“We have a proven track record in captive breeding at the National Wildlife Centre and, together with the provision of leading edge advocacy opportunities at our recently upgraded visitor centre we’re committed to the welfare of New Zealand’s wildlife” says Chris.

    Pukaha Mount Bruce National Wildlife Centre has operated a successful captive breeding programme since the arrival of Elwyn Welch’s takahe in the 1950s. The recovery of numerous threatened native species has been significantly assisted by pioneering work undertaken at Mount Bruce. Ongoing demand for species protection means plans for breeding programmes for nationally endangered wildlife will continue.

    The Department of Conservation in conjunction with Pukaha Mount Bruce Board currently manage more than six species at the National Wildlife Centre as part of national recovery programmes.

    Chris Lester is enthusiastic about the emerging opportunities to introduce new species to Pukaha and assist in their recovery.

    “We’re proud to have successfully worked with native species like kokako and kaka and it’s great to see them breeding naturally in our forest. This success means we can now concentrate on other species that need our help.

    “While some species are able to be bred without captive support, our predator control and restoration programmes remain a critical factor in the recovery of endangered species. The assistance of our partners at Pukaha Mount Bruce including Rangitane O Wairarapa, Greater Wellington and Horizons Regional Councils and community organisations enables us to continue this important work” he says.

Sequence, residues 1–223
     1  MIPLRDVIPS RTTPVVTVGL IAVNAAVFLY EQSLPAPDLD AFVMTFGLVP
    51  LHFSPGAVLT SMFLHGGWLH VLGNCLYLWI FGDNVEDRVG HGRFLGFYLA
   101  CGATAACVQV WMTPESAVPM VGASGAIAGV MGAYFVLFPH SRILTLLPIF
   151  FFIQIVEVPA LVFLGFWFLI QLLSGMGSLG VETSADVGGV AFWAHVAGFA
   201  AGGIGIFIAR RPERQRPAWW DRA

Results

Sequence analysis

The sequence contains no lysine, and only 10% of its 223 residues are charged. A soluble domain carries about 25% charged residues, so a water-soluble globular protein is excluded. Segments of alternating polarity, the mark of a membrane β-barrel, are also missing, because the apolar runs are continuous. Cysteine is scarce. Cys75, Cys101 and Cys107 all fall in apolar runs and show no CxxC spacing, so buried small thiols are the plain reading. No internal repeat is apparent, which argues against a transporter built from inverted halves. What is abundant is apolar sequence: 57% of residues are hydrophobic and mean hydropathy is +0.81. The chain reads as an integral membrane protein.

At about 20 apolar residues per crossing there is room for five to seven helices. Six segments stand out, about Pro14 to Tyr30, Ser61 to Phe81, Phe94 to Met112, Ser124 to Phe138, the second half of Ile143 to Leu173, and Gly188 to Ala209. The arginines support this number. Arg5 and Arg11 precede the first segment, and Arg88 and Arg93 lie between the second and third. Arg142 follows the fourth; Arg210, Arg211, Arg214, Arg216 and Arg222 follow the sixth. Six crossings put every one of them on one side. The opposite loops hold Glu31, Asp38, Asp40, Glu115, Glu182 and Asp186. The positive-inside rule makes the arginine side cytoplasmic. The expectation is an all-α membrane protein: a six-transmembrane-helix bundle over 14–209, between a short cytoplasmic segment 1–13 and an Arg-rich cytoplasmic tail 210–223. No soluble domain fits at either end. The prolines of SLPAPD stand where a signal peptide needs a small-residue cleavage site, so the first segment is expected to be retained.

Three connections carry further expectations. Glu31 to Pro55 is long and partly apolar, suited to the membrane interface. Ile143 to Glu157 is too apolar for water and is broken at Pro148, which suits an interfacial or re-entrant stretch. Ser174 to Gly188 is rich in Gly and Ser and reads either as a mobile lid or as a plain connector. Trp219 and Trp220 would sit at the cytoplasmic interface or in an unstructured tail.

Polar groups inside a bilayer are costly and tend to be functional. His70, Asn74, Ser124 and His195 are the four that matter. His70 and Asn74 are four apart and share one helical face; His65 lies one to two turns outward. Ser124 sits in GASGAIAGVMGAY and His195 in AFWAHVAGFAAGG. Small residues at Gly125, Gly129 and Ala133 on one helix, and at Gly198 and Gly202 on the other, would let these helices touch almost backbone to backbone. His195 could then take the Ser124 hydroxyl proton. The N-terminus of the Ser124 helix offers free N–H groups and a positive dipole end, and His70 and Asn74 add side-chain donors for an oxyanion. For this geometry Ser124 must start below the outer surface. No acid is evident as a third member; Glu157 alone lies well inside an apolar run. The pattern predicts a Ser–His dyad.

Support from the “BNZ Save the Kiwi Trust” in the just ended financial year, enabled the upgrading of the kiwi brooding rooms and enclosures to increase the capacity for Operation Nest Egg activities. Additionally, $35,000 was invested in upgrading the shore plover aviaries. Mount Bruce holds 70 percent of the captive population of shore plover and has successfully bred and released birds to establish self-sustaining populations on off shore islands for the past 17 years.

    Stage two of the Pukaha Mount Bruce Board’s upgrade project will include the revamp of more aviaries and the nocturnal house. Additional visitor experience and educational opportunities will also be introduced, with more iconic wildlife species eventually being displayed at the internationally renowned wildlife centre.

  2. Pingback: New Zealand kakapos, bats, and flowers | Dear Kitty. Some blog

Leave a Reply

Fill in your details below or click an icon to log in:

WordPress.com Logo

You are commenting using your WordPress.com account. Log Out / Change )

Twitter picture

You are commenting using your Twitter account. Log Out / Change )

Facebook photo

You are commenting using your Facebook account. Log Out / Change )

Google+ photo

You are commenting using your Google+ account. Log Out / Change )

Connecting to %s